This project is a good example of how you can achieve much with little. In 2015, C4H set up an internship program for a small group of young adults with the financial support of the Van Doorn Foundation.
Thanks to this apprenticeship system, these young adults are able to learn a trade (eg hairdresser, dressmaker / tailor, electrician or welder) during the internship. With the tools that were made available for the internship, they could subsequently set up their own small businesses.
Project has been executed successfully!
Amount donated: € 860.- (pilot) en € 2,300.-
Sponsor: KWA Bedrijfsadviseurs
The Eastern Region of Ghana is the sixth largest region in the country with 2.5 million inhabitants. The population belongs to the Akans, the largest ethnic group (approximately 20 million people) in the south of both Ivory Coast and Ghana. They speak the Akan language, also known as Twi and Fante. Ashanti is a well known tribe of this ethnic group.
The construction of the hydroelectric dam on the Volta River in 1965 created one of the largest artificial lakes in the world and changed forever the lives of the people of the Eastern Region.
The importance of the project
Many young people in the Eastern Region of Ghana are unemployed. According to government statistics, more than 10% of the population and that are for more than half young people. According to the Ghanaian MDG report unemployment is rising due to a lack of jobs. Young people with good education are not able to find a job, and want to increase their chances by learning a craft skill.
In addition 30.6 percent of the 1.7 million young people aged six years and older has never been to school. As many as 55.5% of the teenage girls drop out because of pregnancy and HIV / AIDS cases are estimated to be no less than 37.3%.
The implementing organisation
Compassion for Humanity (C4H) is a community-based organization that mediates in finding internships for young adults who are enthusiastic and talented. Thanks to these internships they can learn a trade, and – with the aid of microcredit – set up their own businesses. So they can eventually earn their living.
The envisaged project results
In 2015, C4H, with financial support (€ 860) from the Van Doorn Foundation set up an apprenticeship program for a small group of young adults. C4H identified seven internships with small companies and made learning aids / tools available (e.g. sewing machines, electrical equipment and all kinds of tools and instruments) on a microcredit lending basis. Thanks to this apprenticeship program, these young adults were given the opportunity to learn a trade (e.g. hairdresser, dressmaker / tailor, electrician or welder) during the internship and using the same tools they could then set up their own small businesses.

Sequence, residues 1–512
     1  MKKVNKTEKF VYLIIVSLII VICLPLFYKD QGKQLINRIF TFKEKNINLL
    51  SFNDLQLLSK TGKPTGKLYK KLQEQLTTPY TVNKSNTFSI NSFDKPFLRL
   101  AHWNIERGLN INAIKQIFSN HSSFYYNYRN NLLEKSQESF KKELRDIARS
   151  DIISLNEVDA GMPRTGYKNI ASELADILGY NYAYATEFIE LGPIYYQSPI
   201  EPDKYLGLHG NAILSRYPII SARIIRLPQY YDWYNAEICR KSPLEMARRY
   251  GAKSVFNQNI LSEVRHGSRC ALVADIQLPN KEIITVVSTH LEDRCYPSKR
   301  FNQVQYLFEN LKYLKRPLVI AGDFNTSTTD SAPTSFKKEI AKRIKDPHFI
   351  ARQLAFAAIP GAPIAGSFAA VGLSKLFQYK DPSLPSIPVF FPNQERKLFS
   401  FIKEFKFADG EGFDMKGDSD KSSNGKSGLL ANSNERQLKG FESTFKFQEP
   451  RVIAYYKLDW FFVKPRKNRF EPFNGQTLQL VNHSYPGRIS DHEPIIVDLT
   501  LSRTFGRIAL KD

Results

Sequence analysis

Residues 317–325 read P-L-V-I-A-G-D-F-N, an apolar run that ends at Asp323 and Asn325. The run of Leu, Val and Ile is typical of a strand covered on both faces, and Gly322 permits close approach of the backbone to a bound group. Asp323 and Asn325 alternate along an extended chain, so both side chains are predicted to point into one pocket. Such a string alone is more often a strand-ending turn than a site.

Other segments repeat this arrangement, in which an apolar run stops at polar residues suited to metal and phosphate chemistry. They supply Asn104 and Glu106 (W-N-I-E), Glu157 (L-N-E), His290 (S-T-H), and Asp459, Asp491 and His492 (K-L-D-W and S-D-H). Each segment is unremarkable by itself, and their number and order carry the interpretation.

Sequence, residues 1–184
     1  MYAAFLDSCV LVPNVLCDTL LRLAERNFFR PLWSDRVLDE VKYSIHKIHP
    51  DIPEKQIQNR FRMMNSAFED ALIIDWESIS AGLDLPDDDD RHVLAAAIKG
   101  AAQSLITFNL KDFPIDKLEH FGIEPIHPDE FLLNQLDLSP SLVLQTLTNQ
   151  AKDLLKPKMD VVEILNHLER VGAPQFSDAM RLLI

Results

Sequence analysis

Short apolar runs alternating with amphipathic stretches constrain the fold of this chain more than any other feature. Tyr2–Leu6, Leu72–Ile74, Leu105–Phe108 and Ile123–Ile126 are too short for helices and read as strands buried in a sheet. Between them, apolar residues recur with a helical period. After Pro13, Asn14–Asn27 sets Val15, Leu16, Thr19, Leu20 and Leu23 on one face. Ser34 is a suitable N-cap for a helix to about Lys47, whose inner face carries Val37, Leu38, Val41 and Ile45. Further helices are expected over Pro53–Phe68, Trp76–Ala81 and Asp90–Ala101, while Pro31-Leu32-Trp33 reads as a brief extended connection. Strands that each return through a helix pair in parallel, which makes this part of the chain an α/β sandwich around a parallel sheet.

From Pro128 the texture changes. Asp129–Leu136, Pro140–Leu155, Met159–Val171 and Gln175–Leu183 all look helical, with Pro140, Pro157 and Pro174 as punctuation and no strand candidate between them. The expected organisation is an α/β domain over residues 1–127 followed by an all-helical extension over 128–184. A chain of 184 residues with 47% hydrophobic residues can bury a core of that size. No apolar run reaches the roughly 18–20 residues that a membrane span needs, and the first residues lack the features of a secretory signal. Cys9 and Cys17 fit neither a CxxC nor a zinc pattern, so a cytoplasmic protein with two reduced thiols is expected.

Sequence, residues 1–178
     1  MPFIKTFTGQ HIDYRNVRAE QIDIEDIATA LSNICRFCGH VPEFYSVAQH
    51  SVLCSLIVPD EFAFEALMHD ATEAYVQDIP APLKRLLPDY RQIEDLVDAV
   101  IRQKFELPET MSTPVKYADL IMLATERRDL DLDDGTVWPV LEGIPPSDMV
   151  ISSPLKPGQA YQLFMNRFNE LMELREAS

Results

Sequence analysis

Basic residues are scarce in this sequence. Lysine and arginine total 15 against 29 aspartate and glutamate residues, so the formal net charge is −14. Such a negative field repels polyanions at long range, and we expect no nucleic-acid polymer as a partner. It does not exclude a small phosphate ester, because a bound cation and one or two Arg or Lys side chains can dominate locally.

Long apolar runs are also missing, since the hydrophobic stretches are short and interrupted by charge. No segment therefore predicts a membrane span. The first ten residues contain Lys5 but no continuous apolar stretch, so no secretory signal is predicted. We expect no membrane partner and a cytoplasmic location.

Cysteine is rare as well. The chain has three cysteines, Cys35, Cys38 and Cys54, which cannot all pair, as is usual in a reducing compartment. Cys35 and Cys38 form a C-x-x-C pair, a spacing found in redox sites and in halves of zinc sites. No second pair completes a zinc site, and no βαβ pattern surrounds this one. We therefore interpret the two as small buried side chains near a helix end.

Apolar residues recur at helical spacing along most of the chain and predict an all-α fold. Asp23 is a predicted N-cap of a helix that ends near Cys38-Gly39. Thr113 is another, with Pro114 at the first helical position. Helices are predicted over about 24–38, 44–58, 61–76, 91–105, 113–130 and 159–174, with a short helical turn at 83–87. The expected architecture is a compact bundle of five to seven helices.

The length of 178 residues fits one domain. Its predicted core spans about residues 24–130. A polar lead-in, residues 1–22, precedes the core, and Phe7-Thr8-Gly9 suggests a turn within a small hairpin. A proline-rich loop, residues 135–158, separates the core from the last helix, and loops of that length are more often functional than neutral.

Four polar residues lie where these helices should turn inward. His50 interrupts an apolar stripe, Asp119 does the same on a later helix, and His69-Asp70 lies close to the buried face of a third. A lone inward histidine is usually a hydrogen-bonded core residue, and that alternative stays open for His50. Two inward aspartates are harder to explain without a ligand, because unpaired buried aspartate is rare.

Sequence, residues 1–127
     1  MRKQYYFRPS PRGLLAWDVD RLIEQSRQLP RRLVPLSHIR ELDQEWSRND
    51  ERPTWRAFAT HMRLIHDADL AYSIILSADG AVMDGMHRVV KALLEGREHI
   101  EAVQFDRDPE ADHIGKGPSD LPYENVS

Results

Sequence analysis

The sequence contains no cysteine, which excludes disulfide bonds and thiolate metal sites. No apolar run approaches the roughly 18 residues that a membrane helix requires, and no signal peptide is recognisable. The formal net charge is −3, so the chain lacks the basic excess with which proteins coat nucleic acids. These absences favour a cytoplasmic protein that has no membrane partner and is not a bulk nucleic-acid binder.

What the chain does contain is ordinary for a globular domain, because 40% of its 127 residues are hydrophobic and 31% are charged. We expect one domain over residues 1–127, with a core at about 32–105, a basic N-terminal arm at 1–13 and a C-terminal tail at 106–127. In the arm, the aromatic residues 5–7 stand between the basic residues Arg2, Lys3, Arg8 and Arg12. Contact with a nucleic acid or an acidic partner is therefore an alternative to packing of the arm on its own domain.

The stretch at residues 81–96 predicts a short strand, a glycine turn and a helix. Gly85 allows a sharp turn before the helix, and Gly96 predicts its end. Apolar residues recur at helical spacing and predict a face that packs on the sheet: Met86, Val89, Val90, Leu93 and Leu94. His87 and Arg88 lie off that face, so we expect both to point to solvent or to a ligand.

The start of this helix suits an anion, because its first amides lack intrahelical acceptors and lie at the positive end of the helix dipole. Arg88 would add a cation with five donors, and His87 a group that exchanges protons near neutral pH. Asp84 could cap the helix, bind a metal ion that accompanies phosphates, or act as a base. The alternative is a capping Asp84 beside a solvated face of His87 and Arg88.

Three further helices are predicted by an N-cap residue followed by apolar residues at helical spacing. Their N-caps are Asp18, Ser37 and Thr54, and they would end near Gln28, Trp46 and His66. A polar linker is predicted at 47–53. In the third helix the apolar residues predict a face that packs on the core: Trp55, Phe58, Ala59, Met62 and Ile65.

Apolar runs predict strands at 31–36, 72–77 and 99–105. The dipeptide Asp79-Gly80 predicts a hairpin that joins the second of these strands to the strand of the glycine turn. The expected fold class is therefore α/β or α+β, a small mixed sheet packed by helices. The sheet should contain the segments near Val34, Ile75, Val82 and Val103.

The chance of sustainability
At the end of 2016 a workshop was organised to allow the interns to share their experiences (including challenges), learn from those experiences and further encourage / motivate each other. During the workshop, it was decided to repeat this approach in other small cities in the region. Discussions have taken place with local authorities and local businesses and it has been decided to appoint the young people who previously followed the apprenticeship program (and successfully set up their own business) as coach for future trainees. Furthermore, it has been decided to make a documentary to allow faster replication among a large group of unemployed young people.
The progress of the project
The project started with an internship and microcredit (in the form of the provision of tools) for just seven young people. After the training period, they started their own business and they were able to repay their microcredit in an average period of five months. This made it possible to replicate this successful approach ultimately for eighteen young people.
After the apprenticeship program has proven successful, C4H wanted to double the number of young people that can benefit from the program. To search for internships for an additional thirteen young people and to give them a micro-credit (in the form of tools) € 3,100 was needed. C4H could contribute € 800 itself and VDS contributed in 2015 – thanks to a donation from KWA Business Consultants in The Netherlands – the remaining € 2300.
The project became a great success, both the apprenticeships followed by the young people, the tools made available on a micro-credit basis, the start-up of their own businesses as the coaching of skilled but less “commercial” among the young people (buddy system). The micro-credits made available has to be repaid in one year and the progress reports revealed that in general, 93% of the micro credit has been repaid within nine months, a fantastic achievement!
A great example of a project where you can achieve great results with relatively few resources!
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